I remember asking people in church why bad things happened, and getting the answer that the sins of generations carry down. I remember thinking, “Who is this God who is punishing me for someone else’s sins?”. I became angry, but was so curious I could not stop reading.
Through attending two Baptist churches with different sets of grandparents, and growing up in an Episcopal school, my confusion exploded. Either God was out to get me or He loved me, but I could not make sense of it.
Still I kept on reading although no one except my mother knew it. When I was in high school, events were taking place that were forcing me to deal with the question of why God lets bad things happen to good people. Tragedy, generational sins, curses, I heard it all and could not make sense of a bit of it.
Then I picked up a book other than my Bible and read “Hope for the Troubled Heart” by Billy Graham when I was sixteen-years-old. I read about this God of love who was with me through every heartache, every bit of pain, and waiting for me to come to Him and turn it around. I learned that I did not have to feel guilty for questioning God and asking “why” because even Jesus did on the Cross. Then I became more curious.
But the world never stops. I found myself refusing to attend school, bored to tears, confused, hurt, and completely alone, or so I thought. I remember coming home and telling my parents I wanted to get my GED and start community college. They were mortified. But I did, and never looked back, and went on to be a double major in Political Science and Communication Studies at Florida State University. During that time I got married and later moved on to Law School.
The problem was that I did not realize what was going on behind the scenes. God was pulling me in another direction, but I ignored what He was saying. I wanted to become a lawyer to have money and security. If my husband ever left me I wanted to make sure I would be okay. My motives were impure, not to help, but to protect myself.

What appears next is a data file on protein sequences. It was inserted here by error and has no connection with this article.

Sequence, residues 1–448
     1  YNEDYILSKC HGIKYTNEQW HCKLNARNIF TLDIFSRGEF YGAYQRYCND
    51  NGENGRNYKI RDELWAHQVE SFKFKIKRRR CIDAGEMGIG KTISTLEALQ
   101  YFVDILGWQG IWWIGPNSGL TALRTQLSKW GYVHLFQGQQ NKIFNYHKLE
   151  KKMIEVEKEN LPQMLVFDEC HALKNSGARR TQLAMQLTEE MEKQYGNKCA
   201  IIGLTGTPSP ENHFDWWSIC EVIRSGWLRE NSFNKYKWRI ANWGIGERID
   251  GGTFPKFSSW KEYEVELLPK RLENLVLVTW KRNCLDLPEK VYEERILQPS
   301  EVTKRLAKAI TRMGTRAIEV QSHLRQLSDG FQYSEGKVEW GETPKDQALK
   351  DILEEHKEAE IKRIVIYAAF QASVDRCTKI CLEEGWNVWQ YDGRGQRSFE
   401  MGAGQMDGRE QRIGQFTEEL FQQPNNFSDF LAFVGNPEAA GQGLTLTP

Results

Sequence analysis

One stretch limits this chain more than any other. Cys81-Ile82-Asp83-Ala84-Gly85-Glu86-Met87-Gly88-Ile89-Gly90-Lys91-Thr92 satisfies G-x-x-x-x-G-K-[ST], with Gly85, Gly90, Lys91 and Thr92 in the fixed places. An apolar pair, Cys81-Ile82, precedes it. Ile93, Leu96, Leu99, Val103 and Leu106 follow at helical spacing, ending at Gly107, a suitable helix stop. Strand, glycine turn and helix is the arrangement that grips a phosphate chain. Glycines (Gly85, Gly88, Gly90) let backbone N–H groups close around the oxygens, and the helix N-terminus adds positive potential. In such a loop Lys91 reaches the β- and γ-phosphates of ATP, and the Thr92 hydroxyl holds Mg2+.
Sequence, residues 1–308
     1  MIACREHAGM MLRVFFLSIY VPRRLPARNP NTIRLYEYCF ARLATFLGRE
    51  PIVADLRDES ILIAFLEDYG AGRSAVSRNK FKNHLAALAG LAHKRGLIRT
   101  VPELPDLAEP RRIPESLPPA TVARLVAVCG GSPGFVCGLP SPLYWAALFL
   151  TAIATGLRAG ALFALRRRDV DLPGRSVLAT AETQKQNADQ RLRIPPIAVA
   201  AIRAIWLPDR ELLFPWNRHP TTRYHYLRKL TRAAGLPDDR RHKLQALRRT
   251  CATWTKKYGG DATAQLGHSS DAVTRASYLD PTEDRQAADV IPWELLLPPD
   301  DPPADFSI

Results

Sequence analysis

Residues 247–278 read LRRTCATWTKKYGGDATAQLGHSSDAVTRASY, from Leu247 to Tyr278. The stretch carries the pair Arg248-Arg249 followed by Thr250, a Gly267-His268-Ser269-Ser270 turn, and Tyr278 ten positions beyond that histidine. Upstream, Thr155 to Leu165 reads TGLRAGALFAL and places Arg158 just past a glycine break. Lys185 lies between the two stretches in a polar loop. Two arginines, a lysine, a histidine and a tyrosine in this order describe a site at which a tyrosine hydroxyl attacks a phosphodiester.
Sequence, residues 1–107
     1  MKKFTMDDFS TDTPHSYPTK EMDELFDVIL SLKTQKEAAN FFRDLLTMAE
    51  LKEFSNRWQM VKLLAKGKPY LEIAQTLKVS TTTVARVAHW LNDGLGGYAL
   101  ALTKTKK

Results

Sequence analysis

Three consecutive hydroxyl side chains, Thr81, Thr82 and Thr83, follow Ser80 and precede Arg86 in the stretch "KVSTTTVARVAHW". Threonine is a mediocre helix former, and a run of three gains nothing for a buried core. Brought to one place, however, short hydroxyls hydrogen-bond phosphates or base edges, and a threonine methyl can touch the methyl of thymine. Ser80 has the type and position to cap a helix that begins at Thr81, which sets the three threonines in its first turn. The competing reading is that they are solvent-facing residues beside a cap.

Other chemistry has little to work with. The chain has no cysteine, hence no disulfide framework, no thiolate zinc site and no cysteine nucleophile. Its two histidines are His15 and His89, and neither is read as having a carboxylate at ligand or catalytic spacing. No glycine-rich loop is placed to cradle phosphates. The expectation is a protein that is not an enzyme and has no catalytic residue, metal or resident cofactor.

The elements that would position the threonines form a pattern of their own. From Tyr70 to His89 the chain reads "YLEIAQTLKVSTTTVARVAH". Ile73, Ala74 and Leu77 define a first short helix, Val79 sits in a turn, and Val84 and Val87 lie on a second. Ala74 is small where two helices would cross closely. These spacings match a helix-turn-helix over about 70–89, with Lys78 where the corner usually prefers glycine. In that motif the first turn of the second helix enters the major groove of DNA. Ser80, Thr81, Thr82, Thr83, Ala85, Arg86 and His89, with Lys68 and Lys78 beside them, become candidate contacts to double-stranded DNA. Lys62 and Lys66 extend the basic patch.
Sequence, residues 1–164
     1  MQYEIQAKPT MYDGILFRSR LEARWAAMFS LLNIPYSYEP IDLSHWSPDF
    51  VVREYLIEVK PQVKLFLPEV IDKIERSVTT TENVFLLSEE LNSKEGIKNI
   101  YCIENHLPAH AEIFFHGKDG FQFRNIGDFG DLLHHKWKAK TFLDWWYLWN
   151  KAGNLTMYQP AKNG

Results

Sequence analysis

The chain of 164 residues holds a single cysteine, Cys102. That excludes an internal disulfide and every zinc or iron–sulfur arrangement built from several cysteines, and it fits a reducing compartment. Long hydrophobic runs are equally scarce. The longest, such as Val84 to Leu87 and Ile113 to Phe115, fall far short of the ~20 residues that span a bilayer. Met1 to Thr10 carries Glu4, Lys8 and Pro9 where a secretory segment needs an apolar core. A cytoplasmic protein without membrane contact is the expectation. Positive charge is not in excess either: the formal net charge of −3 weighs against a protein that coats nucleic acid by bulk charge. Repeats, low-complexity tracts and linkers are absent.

One day I went to a local copy shop to copy my law school application, and an older gentleman was there copying. In my usual southern-style manner, I struck up a conversation with him. He asked me what I was copying and I told him, “My law school application” with so much pride. I asked him what he was copying and he told me he was copying his paperwork to go back to college. I looked at him and said, “That is awesome that you are going back to school. What are you going for?”. He replied, “Psychology. I want to help people. I have been a lawyer for 30 years and I hate my life.”
It is safe to say the point was missed, and when I felt weak through my pursuit I drove by the biggest mansions in town to fuel my motivation to study all night. I wanted it all, and nothing or no one was going to stop me.
During my first year of law school, I suffered a miscarriage, and thought I was losing my mind. I was diagnosed with an anxiety disorder as a result, and the fear within me was so great I could hardly leave the house for months. Months later I reorganized, went back to school, and started all over again. The loss of a child never left me. I had my first son my second year of law school, and became pregnant with my second son my last year.